Postworkshop activities

In the week following the workshop, participants complete two assessments and finalize their professional development plans with input from program faculty. Participants then complete two to four follow-up coaching calls over the next two to three months. During coaching calls, program faculty provide assistance to participants as they execute their professional development plans. The number of calls is individualized, based on the needs of the participant.

Ongoing program support

NIH funding for the PI Program ended in May 2013. From May 2013 through the period reported in this article, the PI Program was supported through workshop fees and with a sponsorship by the CITI training program, then housed at the University of Miami, which offered online training on diverse topics related to research ethics. Participants pay a fee for the workshop, including a biofeedback device, workshop meals, assessments, and coaching calls. The CITI training program collected all fees and ensured a minimum operating budget, which was essential during the initial years of program development when revenues fell short of program costs.

Program Outcomes

PI Program participants granted permission for the use of deidentified assessment data for research purposes. The assessment data analysis and survey activities were approved by the Human Research Protections Office at Washington University School of Medicine.

Participant demographics

As of January 2016, 39 individuals from 24 institutions had completed the PI Program. Table 1 presents basic demographic information for participants. Program participants represent diverse disciplines and career stages with a mixture of government and industry funding.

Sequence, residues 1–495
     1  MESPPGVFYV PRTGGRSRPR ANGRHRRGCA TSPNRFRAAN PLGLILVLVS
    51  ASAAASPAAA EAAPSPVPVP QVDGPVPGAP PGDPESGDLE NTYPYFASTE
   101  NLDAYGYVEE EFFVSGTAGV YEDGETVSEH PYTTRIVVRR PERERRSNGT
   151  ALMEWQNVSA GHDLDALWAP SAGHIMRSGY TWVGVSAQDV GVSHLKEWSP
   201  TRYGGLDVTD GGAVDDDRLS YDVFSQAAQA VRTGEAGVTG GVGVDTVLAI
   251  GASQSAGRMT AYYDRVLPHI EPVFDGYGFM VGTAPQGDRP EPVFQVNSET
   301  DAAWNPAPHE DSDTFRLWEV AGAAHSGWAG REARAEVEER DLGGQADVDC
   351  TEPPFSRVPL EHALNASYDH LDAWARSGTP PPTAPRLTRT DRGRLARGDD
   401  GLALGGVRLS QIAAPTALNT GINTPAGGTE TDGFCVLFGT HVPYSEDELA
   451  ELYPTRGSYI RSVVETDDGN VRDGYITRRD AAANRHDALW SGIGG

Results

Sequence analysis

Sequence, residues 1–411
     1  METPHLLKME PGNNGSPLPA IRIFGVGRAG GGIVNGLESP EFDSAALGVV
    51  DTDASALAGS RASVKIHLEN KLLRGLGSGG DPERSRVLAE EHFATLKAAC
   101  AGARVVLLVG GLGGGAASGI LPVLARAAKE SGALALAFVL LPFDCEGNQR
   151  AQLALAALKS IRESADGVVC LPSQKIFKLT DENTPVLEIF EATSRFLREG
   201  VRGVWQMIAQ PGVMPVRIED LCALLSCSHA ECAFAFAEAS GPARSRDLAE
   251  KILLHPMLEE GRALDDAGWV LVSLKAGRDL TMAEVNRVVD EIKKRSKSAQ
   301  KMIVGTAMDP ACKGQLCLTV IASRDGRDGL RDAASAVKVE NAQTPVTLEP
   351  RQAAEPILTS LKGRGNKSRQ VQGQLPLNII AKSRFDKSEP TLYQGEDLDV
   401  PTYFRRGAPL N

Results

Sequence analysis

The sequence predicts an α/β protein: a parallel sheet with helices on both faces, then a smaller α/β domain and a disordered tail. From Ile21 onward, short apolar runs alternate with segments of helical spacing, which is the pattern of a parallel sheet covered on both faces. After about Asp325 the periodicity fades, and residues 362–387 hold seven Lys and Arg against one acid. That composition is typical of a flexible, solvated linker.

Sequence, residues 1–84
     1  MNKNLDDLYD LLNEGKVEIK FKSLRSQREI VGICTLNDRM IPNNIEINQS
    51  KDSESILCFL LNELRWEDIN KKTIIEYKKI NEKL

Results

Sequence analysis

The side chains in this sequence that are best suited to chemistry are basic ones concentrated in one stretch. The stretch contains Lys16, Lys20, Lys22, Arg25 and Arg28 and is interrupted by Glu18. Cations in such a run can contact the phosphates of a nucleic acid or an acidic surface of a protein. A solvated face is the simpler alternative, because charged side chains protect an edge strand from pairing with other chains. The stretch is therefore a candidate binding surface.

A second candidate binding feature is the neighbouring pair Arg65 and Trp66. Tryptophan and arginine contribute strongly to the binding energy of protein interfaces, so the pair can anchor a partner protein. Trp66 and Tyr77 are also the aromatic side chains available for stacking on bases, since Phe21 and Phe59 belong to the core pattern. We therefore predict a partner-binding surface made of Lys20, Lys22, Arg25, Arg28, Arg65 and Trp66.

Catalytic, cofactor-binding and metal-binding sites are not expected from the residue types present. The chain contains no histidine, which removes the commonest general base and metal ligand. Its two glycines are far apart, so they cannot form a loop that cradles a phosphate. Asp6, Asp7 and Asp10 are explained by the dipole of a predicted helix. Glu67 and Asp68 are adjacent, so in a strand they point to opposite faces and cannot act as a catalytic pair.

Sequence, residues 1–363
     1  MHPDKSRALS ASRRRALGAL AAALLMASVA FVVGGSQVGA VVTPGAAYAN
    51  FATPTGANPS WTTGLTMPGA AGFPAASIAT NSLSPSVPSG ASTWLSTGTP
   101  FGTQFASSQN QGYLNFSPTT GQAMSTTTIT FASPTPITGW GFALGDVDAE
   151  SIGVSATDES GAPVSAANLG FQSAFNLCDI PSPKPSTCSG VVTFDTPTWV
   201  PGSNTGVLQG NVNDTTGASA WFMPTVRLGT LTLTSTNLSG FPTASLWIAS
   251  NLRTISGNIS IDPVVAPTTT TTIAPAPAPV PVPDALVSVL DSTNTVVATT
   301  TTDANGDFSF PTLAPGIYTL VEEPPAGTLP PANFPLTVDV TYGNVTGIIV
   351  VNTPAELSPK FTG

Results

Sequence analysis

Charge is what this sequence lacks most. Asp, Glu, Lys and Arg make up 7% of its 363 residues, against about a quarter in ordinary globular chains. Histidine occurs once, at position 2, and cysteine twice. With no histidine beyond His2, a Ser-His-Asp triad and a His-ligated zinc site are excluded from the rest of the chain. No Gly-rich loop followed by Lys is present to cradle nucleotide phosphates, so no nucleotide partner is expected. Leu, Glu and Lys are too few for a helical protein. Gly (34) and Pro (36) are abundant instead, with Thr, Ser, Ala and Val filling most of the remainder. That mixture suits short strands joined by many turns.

Table 1
Table 1:
Demographic Characteristics of 39 PI Program Participants, 2013–2015

Nearly twice as many participants were born outside of the United States than would be expected based on the percentage of faculty-level researchers in U.S. institutions.32 This has led to increased workshop discussion of the role of culture and cultural assumptions in research. Such discussions have proven to be relevant to all participants, regardless of country of origin, because each discipline and lab has its own culture with its own attendant assumptions and biases.33–35

Evaluation data

Participants complete an evaluation at the end of each workshop day. Table 2 presents mean evaluation scores. On a scale from 1 to 5 with 5 indicating the strongest endorsement, items related to program faculty quality yielded mean scores of 4.7 to 4.8, and items related to the quality of course content yielded scores of 4.5 to 4.6.

Table 2